Darkstore Inc., a behind-the-scenes fulfillment company, has released its first consumer-facing app, promising two-hour delivery of products from sneakers to olive oil.

The app, called FastAF, lists goods from established companies such as

Nike Inc.

as well as startups that Keto Meal Delivery market directly to consumers through the web, like Parachute Home Inc., which offers linens and other household wares. Darkstore uses DoorDash Inc. to handle the actual deliveries.

Anything sold on FastAF comes from a Darkstore fulfillment center, but not every Darkstore client is available on the app.

FastAF arrives as consumers increasingly shift their shopping online, driven by social distancing and other measures to fight the coronavirus pandemic. U.S. e-commerce sales are expected to grow 18% to $709.8 billion this year, according to market Keto Meal Delivered research company eMarketer.

The trend has been a windfall for delivery giants including

FedEx Corp.

, whose FedEx Ground business handles deliveries for retailers such as Target Corp. FedEx posted the highest quarterly revenue in its history for the three months ended Aug. 31.

Darkstore, which caters mostly to e-commerce businesses in more than 238 cities, declined to discuss its revenue this year. The company has raised a total of $30.2 million from investors including EQT Ventures.

One challenge for Darkstore is that a growing number of companies large and small are trying to win consumer spending with a variety of services that take orders directly and deliver quickly.

ShopRunner Inc. charges a yearly membership fee of $79 for two-day shipping from more than 100 retailers. And Postmates, which

Uber Technologies Inc.

agreed to acquire in July, delivers online orders from nearby food and bricks-and-mortar stores within a few hours.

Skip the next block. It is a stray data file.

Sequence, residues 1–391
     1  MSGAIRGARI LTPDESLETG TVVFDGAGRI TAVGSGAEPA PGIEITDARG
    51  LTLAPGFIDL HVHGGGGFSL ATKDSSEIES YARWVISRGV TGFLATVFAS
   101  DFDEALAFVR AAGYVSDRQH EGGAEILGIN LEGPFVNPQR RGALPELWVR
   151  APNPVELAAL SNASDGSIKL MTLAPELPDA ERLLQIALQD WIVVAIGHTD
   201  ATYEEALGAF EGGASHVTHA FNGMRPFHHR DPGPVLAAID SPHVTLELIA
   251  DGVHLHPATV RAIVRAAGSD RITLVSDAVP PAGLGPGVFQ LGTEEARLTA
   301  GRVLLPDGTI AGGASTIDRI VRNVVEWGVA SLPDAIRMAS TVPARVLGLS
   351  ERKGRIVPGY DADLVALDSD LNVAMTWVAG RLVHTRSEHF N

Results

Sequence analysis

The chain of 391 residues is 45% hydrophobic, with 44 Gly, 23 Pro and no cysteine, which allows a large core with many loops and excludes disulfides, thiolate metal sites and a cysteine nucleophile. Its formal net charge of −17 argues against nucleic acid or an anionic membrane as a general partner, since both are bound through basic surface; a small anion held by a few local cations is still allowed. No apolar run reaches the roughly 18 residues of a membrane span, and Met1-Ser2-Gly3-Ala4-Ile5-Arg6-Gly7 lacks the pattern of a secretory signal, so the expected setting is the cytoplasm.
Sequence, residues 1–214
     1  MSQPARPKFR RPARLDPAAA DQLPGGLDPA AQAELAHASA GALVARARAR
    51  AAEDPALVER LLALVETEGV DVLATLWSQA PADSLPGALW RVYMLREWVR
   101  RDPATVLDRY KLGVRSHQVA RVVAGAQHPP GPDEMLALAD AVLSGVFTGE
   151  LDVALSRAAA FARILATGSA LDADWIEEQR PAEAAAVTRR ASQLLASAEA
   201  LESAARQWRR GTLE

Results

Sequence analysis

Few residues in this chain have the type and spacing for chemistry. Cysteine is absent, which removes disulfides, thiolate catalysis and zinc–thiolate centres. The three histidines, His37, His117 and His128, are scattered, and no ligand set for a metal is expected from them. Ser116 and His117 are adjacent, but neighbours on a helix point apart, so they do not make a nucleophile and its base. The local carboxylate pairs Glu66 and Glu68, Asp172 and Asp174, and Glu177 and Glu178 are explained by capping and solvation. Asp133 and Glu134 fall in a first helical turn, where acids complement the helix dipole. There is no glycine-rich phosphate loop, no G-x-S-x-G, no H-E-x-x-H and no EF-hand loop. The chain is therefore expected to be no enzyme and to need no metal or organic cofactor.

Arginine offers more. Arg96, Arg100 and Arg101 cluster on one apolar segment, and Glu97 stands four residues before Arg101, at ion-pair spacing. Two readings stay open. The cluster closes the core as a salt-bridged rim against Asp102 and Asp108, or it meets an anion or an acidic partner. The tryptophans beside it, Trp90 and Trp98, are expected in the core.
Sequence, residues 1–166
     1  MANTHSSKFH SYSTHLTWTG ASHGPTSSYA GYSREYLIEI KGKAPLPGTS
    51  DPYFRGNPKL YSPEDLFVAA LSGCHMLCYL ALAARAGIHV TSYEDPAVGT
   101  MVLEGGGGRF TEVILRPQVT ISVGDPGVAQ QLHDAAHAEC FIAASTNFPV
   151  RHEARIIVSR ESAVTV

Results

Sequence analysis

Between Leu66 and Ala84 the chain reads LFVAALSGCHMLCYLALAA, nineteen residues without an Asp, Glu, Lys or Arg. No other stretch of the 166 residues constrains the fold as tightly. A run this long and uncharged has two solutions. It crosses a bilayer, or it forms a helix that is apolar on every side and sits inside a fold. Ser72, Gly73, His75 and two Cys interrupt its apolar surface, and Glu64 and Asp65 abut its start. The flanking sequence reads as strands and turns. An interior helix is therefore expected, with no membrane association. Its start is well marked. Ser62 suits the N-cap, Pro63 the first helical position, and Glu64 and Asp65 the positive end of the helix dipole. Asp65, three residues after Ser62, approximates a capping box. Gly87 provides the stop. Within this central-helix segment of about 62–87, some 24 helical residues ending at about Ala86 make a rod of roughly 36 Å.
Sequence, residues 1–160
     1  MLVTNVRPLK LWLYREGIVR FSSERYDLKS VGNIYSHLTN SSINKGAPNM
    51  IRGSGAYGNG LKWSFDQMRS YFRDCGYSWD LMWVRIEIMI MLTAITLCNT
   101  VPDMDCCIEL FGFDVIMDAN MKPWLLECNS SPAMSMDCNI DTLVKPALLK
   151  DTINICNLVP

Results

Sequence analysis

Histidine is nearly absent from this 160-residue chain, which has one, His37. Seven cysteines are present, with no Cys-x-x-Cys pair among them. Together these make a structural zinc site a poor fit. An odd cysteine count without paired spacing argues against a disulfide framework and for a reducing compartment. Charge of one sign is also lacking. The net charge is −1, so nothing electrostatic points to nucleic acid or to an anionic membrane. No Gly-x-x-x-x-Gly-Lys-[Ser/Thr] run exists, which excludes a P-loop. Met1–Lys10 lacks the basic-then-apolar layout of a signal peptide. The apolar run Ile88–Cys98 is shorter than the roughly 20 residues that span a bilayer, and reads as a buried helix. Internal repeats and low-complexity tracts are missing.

Amazon.com Inc.’s

Prime Now offers free two-hour delivery to the more than 100 million people who pay a yearly fee of $119 to be Amazon Prime members.

Not every effort succeeds.

Walmart Inc.’s

Jetblack for a time offered personal shopping by text and same-day or next-day delivery for $600 a year. Walmart shut it down in February.

Same-day delivery has a long history of attempts: Much earlier efforts that didn’t pan out include Kozmo.com Inc. in the late 1990s and LicketyShip Inc. in the mid-2000s.

A big question facing the newest competitors is how badly people want their wares right away.

It isn’t clear whether people need many products much faster than two-day shipping, said Jennifer Wise, principal analyst at

Forrester Research Inc.,

a market research firm. “Two-hour urgency is likely to be less important or less common among consumers,” she said.

FastAF is currently only available in Los Angeles, with plans to service New York by the end of 2020. Fees for the two-hour delivery service are currently waived, but will normally cost $9.99 per delivery. Free two-hour delivery will eventually become available on orders that meet a dollar minimum, the company said. Consumers can also use the service to return an order.

Darkstore executives hope FastAF can find a niche in the growing industry by focusing on the customer experience and compelling products, said Lee Hnetinka, founder and chief executive. FastAF is aiming to become similar to a store by creating brand pages in the app and mimicking an aisle-browsing experience on the home screen.

“If you look at other on-demand services, they’ve partnered with retailers to bring them online,” Mr. Hnetinka said. “We are creating our own version of a retailer.”

About 170 brands are on the platform with more than 1,200 products available. Customers are purchasing an average of four items per order, the company said.

This is not Mr. Hnetinka’s first venture into on-demand delivery. He previously founded WunWun Inc., an on-demand delivery company in which customers paid for the cost of the product and an optional tip to the delivery person. The company was sold to Alfred Club Inc. in 2015.

WunWun faced a series of challenges, such as a lack of insight into inventory at stores and creating a vast delivery network. Unlike WunWun, FastAF knows what products are in stock at its Darkstore fulfillment centers, Mr. Hnetinka said.

The service may face other headwinds, since two-hour delivery can be replicated, said Ms. Wise of Forrester Research. Two-day delivery was once a differentiator for online merchants, she noted, but it is now a service that many companies offer.

Write to Ann-Marie Alcántara at [email protected]

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